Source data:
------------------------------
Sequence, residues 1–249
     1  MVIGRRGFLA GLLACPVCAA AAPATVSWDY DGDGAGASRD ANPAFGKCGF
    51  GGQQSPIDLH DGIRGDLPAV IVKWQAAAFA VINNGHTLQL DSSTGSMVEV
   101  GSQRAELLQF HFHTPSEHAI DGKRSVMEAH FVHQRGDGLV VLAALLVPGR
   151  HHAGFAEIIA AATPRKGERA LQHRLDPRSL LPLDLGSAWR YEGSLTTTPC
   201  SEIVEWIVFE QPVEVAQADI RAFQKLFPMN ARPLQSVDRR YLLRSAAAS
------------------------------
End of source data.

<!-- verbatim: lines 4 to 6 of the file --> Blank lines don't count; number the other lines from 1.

   101  GSQRAELLQF HFHTPSEHAI DGKRSVMEAH FVHQRGDGLV VLAALLVPGR
   151  HHAGFAEIIA AATPRKGERA LQHRLDPRSL LPLDLGSAWR YEGSLTTTPC
   201  SEIVEWIVFE QPVEVAQADI RAFQKLFPMN ARPLQSVDRR YLLRSAAAS